This QSEE vulnerability, discovered by Gal Beniamini last week, is troubling because it impacts both old versions of the Android operating system and new Marshmallow versions. Google has issued a patch for the exploit, however Duo estimates only a small fraction of Android devices have received the fix.

Duo researchers are careful to give perspective to its analysis of the QSEE vulnerability (CVE-2015-6639) and stress that while a majority of Android devices are vulnerable to attack via this exploit, security concerns aren’t as dire as attacks from the similar and more malicious Stagefright.
#795 ESET releases new decryptor for TeslaCrypt ransomware
Have you been infected by one of the new variants (v3 or v4) of the notorious ransomware TeslaCrypt? If your encrypted files had the extensions .xxx, .ttt, .micro, .mp3 or were left unchanged, then ESET has good news for you: we have a decryptor for TeslaCrypt.
#794 Ransomware activity spikes in March, steadily increasing throughout 2016
Based on data from FireEye Dynamic Threat Intelligence, ransomware activity has been rising fairly steadily since mid-2015. We observed a noticeable spike in March 2016.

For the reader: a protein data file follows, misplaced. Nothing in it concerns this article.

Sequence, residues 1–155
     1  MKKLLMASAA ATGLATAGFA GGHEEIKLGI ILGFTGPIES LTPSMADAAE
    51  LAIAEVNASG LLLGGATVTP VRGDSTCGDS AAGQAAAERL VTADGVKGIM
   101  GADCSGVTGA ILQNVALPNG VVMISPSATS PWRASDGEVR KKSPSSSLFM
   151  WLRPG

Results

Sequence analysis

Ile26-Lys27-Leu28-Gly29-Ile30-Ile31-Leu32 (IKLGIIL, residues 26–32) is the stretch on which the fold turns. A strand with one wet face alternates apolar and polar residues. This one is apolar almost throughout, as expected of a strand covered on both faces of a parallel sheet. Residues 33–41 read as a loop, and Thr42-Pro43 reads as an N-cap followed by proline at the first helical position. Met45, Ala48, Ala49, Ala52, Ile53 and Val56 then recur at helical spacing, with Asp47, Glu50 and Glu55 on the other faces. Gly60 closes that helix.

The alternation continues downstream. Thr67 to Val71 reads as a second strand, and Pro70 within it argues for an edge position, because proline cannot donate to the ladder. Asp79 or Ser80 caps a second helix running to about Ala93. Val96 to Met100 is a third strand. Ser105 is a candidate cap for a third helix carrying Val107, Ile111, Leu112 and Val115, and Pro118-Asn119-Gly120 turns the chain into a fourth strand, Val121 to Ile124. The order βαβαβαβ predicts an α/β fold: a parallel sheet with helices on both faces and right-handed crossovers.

#793 Magento – unauthenticated remote code execution
The vulnerability (CVE-2016-4010) allows an attacker to execute PHP code at the vulnerable Magento server unauthenticated. This vulnerability actually consists of many small vulnerabilities, as described further in the blog post.

The vulnerability assumes one of the RPCs (REST or SOAP) is enabled. As both are enabled by default, and one of them is actually required by the system, this assumption will not be a problem in the absolute majority of installations.
In this document I will use the SOAP API, as XML is more readable in this case.

This vulnerability works on both the Community Edition and Enterprise Edition of the system.